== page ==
Young Indiana Jones 1.10 – Peking, 1910

In the chronology, the Peking episode is the last of the ten hours to feature Corey Carrier as Younger Indy, but I think that it might have been the third one produced, and it also might have been planned as the third one with this cast to air.

When ABC first gave The Young Indiana Jones Chronicles its six week run in the spring of 1992, they showed the Curse of the Jackal movie (“Egypt, 1908” and “Mexico, 1916”) and five one-hour installments. Merchandising takes a little while to get circulating, and it wasn’t until the summer that we started seeing tie-in material. There were chapter books and coloring books, sticker albums and magazines, and trading cards issued by a company called Pro Set. These were very interesting: the cards told the storyline of the episodes of the first season, except they added the Peking adventure, which was written by Rosemary Anne Sisson, before the show’s closing two-parter.

Did ABC originally plan to show six episodes after the movie? We can only speculate, but ever since I saw those cards, I have believed that they intended to show this story on April 1 1992, with the German East Africa/Congo 1916/17 episodes on April 8 and 15. The network got cold feet after the poor critical reception to the first half of Jackal, and quietly moved this one into limbo. It finally aired in June 1993, after the show had been canceled.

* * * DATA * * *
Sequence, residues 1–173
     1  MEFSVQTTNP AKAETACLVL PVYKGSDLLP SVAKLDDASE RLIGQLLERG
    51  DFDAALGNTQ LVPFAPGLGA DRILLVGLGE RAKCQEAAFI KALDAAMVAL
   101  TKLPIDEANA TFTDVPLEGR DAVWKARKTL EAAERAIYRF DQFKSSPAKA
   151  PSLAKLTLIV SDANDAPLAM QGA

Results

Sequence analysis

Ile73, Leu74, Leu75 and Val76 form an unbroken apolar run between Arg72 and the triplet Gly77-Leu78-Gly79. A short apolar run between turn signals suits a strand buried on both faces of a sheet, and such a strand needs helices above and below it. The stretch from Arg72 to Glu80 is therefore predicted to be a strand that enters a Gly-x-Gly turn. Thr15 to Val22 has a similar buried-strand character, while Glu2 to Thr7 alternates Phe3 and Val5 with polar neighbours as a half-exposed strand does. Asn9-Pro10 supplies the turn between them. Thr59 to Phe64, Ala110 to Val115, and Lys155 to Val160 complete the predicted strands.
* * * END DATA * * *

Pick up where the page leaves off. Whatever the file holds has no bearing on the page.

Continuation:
It’s really too bad that the Younger Indy stories weren’t better received, but they’re still not being very well received in our house today. This isn’t a very talky episode, but it’s more of a drama for grownups. Indy gets incredibly sick while the family is miles from a city, and it will take several days for the nearest American-trained doctor to be brought to the house where they’ve found refuge. The only real drama comes from waiting for Indy’s mother to swallow her pride and agree that a local doctor can treat him with acupuncture.

All ends well, of course, but our son seems pretty glad that they’ve ended, period. I’ve assured him that the rest of the series would have a little more action in each hour. Not every one of them, mind you, but we’ve got some spies and criminals and enemy soldiers for an older Indy to tangle with starting about six years after the family left China…

2 thoughts on “Young Indiana Jones 1.10 – Peking, 1910

  1. That’s Ping Wu with Young Indy in the picture you’ve chosen. He is in every American TV show these days.

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